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In the case of a data breach, organizations who have mishandled or improperly retained their customers' personal information can find themselves in a precarious position. If they have failed to identify the personal information they hold on their customers, they may lack visibility into the scale of the damage. If they haven't had data minimization strategies in place, a greater number of current and former customers can be affected.
When organizations have poor data management practices, their customers' data privacy is often an afterthought, rather than adopting a proactive framework where privacy is built into systems, technologies, policies, and processes. Such an approach is often referred to as Privacy by Design.
A key part of such an approach is to understand the sensitive data you have, so a level of knowledge about the types of data and the terminology used is a must. This post will help build that baseline knowledge, by outlining what the terms mean both in general and for specific legislation.
Before we do that, let's take a quick look at Privacy by Design.
Benefits of Privacy by Design
Implementing a Privacy by Design approach has many benefits, including allowing for early identification and remediation of potential privacy risks, far better than learning about these risks only once they have been exploited. By adopting this approach you can feel more confident in meeting your privacy compliance requirements.
Having a continuous data inventory with data classification and data minimization policies is an essential part of a proactive Privacy by Design approach. This is where monitoring Personally Identifiable Information (PII) across your systems can help you locate and classify data with PII and ensure it is not retained longer than required.
Now we understand the importance of Privacy by Design and data inventories, we need to understand the terminology.
Let's first take a look at some of the specific privacy terms used that are often used interchangeably: Personal Data, Personal Information, Personally Identifiable Information and Sensitive information.
There is a lot of overlap in the terms across jurisdictions and they all cover common ground, but let's start by looking at the high-level differences.
Personal Data (PD)
When referring to Personal Data, many privacy professionals will be referring to the processing of information as related to the EU’s General Data Protection Regulation (GDPR). Personal Data is broad in scope and means any information that is clearly about a particular person.
GDPR Article 4, gives the following definition for “personal data”:
'Personal data’ means any information relating to an identified or identifiable natural person (‘data subject’); an identifiable natural person is one who can be identified, directly or indirectly, in particular by reference to an identifier such as a name, an identification number, location data, an online identifier or to one or more factors specific to the physical, physiological, genetic, mental, economic, cultural or social identity of that natural person.
GDPR sets out special categories of personal data that includes:
- Political views
- Religion, spiritual or philosophical beliefs
- Biometric data for ID purposes
- Health data
- Sex life data
- Sexual orientation
- Genetic data
Personal Information (PI)
Many different jurisdictions refer to Personal Information rather than Personal Data, such as the Australian Privacy Act and the California Consumer Privacy Act (CCPA). Although PI and PD are more alike than not, there are subtle differences between these definitions in different jurisdictions. For example, the GDPR specifies online identifiers such as IP addresses and cookie identifiers are personal data. The Australian Privacy Act does not specifically address IP addresses and cookie identifiers in personal information.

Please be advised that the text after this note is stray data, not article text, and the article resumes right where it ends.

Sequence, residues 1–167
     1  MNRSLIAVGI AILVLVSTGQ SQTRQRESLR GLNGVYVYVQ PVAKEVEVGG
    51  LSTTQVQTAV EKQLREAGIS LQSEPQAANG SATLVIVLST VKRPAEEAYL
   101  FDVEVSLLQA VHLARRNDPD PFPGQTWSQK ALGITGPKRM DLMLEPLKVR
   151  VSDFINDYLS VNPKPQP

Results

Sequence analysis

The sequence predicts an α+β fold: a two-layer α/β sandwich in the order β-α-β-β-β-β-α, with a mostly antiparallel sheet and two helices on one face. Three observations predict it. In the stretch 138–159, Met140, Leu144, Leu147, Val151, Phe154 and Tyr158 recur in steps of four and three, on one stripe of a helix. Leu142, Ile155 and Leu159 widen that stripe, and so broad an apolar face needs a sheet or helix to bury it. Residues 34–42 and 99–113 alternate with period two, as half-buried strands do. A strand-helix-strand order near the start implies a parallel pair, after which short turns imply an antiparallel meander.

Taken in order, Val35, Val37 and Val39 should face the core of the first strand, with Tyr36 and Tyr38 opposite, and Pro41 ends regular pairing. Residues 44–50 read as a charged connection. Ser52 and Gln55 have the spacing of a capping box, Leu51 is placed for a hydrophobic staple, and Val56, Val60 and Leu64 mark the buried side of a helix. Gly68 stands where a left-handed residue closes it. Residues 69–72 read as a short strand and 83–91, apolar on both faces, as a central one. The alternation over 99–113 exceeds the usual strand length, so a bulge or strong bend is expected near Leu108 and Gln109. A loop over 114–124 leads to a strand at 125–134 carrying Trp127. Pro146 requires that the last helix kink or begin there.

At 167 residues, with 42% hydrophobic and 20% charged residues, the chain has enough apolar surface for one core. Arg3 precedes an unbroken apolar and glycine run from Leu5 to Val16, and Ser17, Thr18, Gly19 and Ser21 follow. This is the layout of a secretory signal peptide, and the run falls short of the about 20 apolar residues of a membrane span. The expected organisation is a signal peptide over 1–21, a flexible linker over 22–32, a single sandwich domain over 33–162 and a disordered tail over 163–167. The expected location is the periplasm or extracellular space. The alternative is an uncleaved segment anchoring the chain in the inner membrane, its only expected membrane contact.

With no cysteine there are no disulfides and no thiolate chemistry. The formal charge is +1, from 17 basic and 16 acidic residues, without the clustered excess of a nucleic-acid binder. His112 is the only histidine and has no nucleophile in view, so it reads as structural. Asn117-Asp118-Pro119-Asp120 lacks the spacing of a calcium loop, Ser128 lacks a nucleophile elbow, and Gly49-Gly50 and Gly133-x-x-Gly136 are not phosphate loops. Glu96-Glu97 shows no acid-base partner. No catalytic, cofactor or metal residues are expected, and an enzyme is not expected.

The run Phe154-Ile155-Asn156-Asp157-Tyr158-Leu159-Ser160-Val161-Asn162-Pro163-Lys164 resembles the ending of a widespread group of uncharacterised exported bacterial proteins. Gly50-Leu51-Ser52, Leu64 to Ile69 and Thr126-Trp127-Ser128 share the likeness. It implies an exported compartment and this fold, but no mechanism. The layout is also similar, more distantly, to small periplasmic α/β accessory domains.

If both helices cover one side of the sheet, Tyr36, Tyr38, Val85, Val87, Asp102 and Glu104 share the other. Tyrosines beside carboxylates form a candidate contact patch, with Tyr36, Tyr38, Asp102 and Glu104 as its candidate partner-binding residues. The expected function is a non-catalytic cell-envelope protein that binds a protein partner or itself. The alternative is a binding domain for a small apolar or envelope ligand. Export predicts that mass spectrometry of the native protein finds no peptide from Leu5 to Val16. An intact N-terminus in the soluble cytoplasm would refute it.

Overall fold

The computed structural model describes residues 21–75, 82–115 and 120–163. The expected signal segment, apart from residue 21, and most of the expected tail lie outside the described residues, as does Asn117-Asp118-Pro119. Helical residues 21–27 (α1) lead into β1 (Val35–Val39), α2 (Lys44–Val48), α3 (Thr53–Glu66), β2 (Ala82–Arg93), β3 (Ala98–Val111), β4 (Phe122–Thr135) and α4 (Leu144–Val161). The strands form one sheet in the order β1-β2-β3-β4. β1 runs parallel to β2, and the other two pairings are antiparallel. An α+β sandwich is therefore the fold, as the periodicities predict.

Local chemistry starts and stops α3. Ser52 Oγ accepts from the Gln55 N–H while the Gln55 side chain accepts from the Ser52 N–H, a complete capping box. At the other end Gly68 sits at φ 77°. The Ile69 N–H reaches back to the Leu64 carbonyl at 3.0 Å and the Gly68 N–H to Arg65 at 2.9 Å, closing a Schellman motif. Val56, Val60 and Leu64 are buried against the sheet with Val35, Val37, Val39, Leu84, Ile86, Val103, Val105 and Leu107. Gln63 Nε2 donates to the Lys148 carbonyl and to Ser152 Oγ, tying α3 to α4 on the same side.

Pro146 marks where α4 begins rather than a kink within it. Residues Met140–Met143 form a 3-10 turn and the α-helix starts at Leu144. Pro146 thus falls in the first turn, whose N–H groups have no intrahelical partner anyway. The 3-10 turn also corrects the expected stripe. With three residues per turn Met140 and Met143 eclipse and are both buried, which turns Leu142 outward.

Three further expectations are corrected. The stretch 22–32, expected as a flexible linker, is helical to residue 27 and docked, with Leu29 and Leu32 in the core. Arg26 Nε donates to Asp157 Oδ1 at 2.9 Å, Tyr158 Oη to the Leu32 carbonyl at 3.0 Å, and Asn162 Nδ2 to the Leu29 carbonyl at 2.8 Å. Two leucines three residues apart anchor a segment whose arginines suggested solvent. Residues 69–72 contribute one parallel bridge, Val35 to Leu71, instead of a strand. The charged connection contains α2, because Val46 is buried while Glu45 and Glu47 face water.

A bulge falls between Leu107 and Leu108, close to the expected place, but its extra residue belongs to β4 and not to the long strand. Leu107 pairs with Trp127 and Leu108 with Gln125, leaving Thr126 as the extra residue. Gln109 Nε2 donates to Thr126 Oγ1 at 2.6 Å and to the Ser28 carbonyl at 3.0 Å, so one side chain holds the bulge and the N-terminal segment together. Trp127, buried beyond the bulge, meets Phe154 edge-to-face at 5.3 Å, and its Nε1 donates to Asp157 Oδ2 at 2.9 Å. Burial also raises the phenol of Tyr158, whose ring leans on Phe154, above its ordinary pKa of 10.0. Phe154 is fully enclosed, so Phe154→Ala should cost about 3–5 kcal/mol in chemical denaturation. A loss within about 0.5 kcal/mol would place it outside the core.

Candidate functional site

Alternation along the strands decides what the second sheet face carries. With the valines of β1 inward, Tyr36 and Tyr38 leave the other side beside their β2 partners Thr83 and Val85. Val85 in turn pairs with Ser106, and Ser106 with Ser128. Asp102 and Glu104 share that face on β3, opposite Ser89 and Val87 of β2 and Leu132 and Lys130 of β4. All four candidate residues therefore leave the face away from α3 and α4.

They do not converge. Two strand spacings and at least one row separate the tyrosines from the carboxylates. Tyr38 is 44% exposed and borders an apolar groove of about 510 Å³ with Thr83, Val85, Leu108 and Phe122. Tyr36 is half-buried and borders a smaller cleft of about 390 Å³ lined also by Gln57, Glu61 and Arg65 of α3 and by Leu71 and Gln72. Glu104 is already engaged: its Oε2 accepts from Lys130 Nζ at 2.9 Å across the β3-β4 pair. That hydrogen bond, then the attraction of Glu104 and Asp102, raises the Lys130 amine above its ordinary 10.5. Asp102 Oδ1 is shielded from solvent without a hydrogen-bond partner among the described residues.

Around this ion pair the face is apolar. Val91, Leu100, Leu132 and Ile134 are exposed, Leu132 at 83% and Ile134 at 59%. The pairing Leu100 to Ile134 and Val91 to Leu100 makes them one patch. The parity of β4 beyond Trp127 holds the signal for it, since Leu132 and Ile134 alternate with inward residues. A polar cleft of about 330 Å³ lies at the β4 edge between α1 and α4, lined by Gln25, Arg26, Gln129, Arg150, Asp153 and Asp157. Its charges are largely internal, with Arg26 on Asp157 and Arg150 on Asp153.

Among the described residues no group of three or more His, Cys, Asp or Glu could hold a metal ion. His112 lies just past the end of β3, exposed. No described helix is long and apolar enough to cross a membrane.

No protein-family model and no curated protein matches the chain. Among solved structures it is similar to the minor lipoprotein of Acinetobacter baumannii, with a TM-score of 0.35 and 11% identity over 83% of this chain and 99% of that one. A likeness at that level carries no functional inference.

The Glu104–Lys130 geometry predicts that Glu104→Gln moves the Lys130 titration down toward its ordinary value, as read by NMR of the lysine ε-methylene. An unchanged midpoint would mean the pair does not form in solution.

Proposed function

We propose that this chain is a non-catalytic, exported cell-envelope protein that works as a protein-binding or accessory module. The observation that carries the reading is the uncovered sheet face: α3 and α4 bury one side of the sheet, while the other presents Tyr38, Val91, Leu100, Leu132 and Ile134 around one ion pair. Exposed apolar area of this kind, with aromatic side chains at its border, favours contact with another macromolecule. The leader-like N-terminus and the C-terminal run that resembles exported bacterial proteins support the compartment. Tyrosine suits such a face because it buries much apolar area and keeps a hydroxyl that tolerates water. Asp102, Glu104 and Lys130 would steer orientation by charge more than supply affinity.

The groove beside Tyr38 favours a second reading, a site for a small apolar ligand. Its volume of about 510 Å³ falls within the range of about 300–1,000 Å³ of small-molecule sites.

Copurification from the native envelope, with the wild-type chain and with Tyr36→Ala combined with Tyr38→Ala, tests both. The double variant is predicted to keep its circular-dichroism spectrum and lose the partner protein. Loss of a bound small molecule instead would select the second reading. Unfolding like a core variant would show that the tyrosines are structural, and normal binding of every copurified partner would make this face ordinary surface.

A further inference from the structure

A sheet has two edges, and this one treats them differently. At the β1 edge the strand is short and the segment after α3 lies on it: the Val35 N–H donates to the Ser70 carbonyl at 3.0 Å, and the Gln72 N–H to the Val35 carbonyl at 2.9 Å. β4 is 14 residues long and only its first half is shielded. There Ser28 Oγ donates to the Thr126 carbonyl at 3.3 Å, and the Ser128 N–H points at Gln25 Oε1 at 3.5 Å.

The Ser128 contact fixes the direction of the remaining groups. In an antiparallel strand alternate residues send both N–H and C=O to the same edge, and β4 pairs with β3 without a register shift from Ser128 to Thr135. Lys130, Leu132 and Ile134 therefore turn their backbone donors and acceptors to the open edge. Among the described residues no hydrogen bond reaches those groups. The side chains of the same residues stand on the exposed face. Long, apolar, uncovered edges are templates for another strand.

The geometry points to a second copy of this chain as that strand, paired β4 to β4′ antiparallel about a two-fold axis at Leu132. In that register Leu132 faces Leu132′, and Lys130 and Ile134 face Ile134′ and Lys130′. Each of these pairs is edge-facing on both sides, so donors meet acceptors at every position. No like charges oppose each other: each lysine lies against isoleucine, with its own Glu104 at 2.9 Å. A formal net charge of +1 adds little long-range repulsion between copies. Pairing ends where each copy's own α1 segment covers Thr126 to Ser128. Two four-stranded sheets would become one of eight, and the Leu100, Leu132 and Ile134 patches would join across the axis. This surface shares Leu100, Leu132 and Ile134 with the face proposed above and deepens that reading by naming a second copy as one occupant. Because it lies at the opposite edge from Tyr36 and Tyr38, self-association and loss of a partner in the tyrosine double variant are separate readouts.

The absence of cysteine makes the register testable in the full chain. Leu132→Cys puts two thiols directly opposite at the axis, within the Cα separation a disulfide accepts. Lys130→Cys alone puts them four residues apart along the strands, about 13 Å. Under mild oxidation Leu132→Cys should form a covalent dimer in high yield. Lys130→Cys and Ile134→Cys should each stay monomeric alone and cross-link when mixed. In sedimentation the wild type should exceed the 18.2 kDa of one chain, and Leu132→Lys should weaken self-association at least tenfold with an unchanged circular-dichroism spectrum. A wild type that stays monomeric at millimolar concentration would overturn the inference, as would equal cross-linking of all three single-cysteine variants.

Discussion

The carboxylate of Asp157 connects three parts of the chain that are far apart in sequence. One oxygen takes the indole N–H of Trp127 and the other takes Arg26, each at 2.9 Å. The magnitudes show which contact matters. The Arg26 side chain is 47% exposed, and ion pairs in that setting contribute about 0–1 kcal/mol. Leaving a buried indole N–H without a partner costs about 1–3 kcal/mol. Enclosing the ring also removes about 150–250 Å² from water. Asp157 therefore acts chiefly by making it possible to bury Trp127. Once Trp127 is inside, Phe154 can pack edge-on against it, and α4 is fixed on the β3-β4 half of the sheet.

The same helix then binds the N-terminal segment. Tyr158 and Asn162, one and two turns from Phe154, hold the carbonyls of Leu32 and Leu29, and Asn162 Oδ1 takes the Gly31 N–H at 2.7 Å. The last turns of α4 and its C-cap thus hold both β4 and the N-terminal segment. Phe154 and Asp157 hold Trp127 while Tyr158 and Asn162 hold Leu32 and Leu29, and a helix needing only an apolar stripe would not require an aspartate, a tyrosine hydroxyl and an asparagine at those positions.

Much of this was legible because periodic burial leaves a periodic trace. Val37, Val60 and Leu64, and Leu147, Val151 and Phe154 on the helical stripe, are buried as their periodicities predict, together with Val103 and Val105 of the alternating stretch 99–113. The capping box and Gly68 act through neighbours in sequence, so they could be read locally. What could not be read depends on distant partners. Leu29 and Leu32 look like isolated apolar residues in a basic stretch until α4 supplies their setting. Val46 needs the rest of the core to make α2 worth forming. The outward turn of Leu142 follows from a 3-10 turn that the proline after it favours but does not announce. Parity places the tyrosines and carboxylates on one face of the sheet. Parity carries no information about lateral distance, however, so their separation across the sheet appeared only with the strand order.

The Australian Privacy Act defines 'personal information' as:
Information or an opinion about an identified individual, or an individual who is reasonably identifiable:
- whether the information or opinion is true or not; and
- whether the information or opinion is recorded in a material form or not.’
The term ‘personal information’ in the Australian Privacy Act context encompasses a broad range of information and the Act does specify types of PI:
- Sensitive information - (includes information or opinion about an individual’s racial or ethnic origin, political opinion, religious beliefs, sexual orientation or criminal record, provided the information or opinion otherwise meets the definition of personal information.
- Health information - which is also ‘sensitive information’
- Credit information
- Employee record information (subject to exemptions), and
- Tax file number information
The more recent California Consumer Privacy Act maintains a broad definition of “personal information”, defining personal information as a broad category of all kinds of data:
“Information that identifies, relates to, describes, is capable of being associated with, or could reasonably be linked, directly or indirectly, with a particular consumer or household.”
CCPA includes the following categories of personal information:
- Identifiers: Name, alias, postal address, unique personal identifier, online identifier, Internet Protocol (IP) address, email address, account name, social security number, driver’s license number, passport number, or other similar identifiers
- Customer records information: Name, signature, social security number, physical characteristics or description, address, telephone number, passport number, driver’s license or state identification card number, insurance policy number, education, employment, employment history, bank account number, credit or debit card number, other financial information, medical information, health insurance information
- Characteristics of protected classifications under California or federal law: Race, religion, sexual orientation, gender identity, gender expression, age